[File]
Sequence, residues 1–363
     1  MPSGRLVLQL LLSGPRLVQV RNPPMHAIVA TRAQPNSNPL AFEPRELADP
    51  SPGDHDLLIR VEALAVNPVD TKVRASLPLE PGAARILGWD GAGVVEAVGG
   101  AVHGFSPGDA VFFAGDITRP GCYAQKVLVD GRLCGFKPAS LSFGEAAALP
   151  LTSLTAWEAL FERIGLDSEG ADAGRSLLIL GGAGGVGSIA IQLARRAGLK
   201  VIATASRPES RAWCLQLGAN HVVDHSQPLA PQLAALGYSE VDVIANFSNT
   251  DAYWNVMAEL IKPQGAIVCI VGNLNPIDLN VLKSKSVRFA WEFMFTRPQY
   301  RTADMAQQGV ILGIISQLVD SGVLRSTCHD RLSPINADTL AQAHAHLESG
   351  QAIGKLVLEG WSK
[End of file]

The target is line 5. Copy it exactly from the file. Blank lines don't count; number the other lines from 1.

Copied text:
   151  LTSLTAWEAL FERIGLDSEG ADAGRSLLIL GGAGGVGSIA IQLARRAGLK